From flight attendant to high-tech CEO

Don't quit your day job ... yet. Or, at least wait until you talk to Carol Roth, a small-business advocate, "recovering" investment banker, and author of "The Entrepreneur Equation." In a new digital series, Roth takes on would-be entrepreneurs who want to abandon their careers for new small-business ideas. Here, she analyzes flight attendant Rachel Maxwell, who founded Maxwell Biometrics, a company that makes door locks that open with your fingerprint, in her spare time.

Too often, entrepreneurs evaluate a new business based on emotions, instead of a sound financial evaluation. The potential rewards of a new business have to significantly outweigh the upfront and ongoing risks that you are going to take and the issues that you will have to endure for you to be willing to try to reap those rewards at this time in your life.

When I looked at Rachel Maxwell, a first-class flight attendant by night, who spent her days starting a company that makes biometric locks that open with the scan of a fingerprint, she not only had characteristics that made her a good entrepreneurial candidate, but her risk-and-reward equation made a lot of sense. From a timing perspective, she was financially secure and, while she had, by all accounts, a very solid job as a flight attendant, I felt that even if entrepreneurship didn't work out for her, she would be able to at least secure a similarly sound job in the future, so her opportunity cost seemed low.

Measuring that against the opportunity for her biometric lock company, the rewards held a lot of potential vis-à-vis what she was giving up. She saw the opportunity for this type of lock, already being used in Europe, in the U.S. She put her own spin on it (including four deadbolts for extra security) and was granted a patent on the product — and got it on the shelves of Home Depot. The locks sell for around $500 to $600.

While her success is far from a lock (pun intended), she has gotten over some major hurdles and faced an opportunity with a lot of upside. If she fails — or is just modestly successful — her experience and what she will learn for a future entrepreneurial endeavor more than make up for what she's giving up in the process, especially given her solid personal financial foundation.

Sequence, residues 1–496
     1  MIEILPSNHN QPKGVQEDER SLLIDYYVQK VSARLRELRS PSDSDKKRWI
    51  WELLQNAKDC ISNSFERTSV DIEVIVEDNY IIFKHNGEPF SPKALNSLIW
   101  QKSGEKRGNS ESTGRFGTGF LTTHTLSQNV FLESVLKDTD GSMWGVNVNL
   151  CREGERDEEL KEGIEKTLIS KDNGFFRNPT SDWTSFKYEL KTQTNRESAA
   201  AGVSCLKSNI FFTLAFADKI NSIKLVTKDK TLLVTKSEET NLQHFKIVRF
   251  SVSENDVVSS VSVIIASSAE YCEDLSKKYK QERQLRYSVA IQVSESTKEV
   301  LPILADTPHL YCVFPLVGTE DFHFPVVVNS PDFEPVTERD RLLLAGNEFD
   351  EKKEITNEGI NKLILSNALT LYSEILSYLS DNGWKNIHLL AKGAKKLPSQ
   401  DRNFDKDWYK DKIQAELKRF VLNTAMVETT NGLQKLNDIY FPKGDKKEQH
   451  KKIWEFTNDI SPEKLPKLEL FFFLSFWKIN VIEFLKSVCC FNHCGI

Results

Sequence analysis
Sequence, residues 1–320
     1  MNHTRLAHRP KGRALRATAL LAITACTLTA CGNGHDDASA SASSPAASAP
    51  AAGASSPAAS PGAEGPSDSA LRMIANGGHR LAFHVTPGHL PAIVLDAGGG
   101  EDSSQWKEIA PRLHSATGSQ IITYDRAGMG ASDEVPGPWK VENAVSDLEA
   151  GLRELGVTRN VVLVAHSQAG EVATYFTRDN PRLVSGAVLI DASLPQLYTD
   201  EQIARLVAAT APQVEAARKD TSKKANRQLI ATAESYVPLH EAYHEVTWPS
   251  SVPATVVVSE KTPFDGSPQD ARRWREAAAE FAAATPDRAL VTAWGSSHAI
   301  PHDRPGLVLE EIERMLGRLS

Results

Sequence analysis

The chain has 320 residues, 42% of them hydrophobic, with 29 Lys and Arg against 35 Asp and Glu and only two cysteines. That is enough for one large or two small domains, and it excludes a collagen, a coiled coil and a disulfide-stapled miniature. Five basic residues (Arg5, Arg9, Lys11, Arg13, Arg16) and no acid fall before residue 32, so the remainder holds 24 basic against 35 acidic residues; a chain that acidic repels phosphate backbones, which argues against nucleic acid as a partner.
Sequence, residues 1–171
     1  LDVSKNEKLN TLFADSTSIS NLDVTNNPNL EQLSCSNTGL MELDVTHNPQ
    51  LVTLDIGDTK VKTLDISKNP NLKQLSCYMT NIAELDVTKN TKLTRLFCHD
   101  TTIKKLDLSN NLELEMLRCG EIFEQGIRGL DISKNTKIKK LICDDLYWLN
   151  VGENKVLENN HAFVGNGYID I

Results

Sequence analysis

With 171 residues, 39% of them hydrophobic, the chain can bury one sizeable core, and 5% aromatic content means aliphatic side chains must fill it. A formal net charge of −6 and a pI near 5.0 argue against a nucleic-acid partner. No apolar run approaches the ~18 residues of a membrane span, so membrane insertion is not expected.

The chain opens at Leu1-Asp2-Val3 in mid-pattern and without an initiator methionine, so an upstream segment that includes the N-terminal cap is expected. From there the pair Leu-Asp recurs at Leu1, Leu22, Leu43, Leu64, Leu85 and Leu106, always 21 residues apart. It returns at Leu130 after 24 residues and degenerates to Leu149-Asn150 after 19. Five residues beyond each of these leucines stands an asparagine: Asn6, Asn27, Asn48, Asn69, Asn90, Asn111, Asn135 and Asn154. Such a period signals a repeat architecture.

So, is this side project worth pursuing as a full-time job? I say, yes!

If you are considering starting a business, you must look at the risks and rewards of the endeavor. Here are a few evaluations that you can do:

1. Evaluate the "financial deal" that you are making. What are you giving up in terms of salary and benefits? How much money will you personally invest to start and run your new business? What investments might you have to forgo and what happens to you financially if you lose part or all of that investment? Do you have to take out a loan?

2. Evaluate your investment vs. what you could reasonably expect to make from the business over five or even 10 years. Now, evaluate if you should "make the deal" based on the financial merits of the risk and reward tradeoff (i.e. do you trade your salary, benefits, investment and/or even collateral for the possibility of making what you may be able to make, purely based on the financial return?).

3. Consider a by-the-hour evaluation. Look at how many days a week and hours per day that you think is realistic to achieve your projected financial model. Find out how many hours per year you will be working (interviewing other entrepreneurs in similar industries can help you with realistic estimates). Take the amounts that you expect your business to make each year in good, bad and normal scenarios and divide each one by the number of hours you expect to work. This is your per-hour wage.

Is this a wage that you feel good about and you feel is a good reflection of the value of your time? If not, the reward of your business may not be substantial enough to justify the risk.

4. Look at your business the way an investor would. Ask yourself if you are "betting the farm" on your business and, is the level of investment that you will be making prudent, given your financial situation? Another question to ask yourself is, "Would you consider making a similar dollar investment in any other potential investment"? Finally, would you advise a friend or family member (that you like) to take on the same level of financial risk that you will be taking on by starting a business if the roles were reversed?

Doing these types of evaluations will help you to think through whether the opportunity is big enough to justify what you are giving up and if you are in a position to take the risk today.

If you're an entrepreneur looking to turn your hobby or "jobby" into a full-time career, we want to hear from you. Email: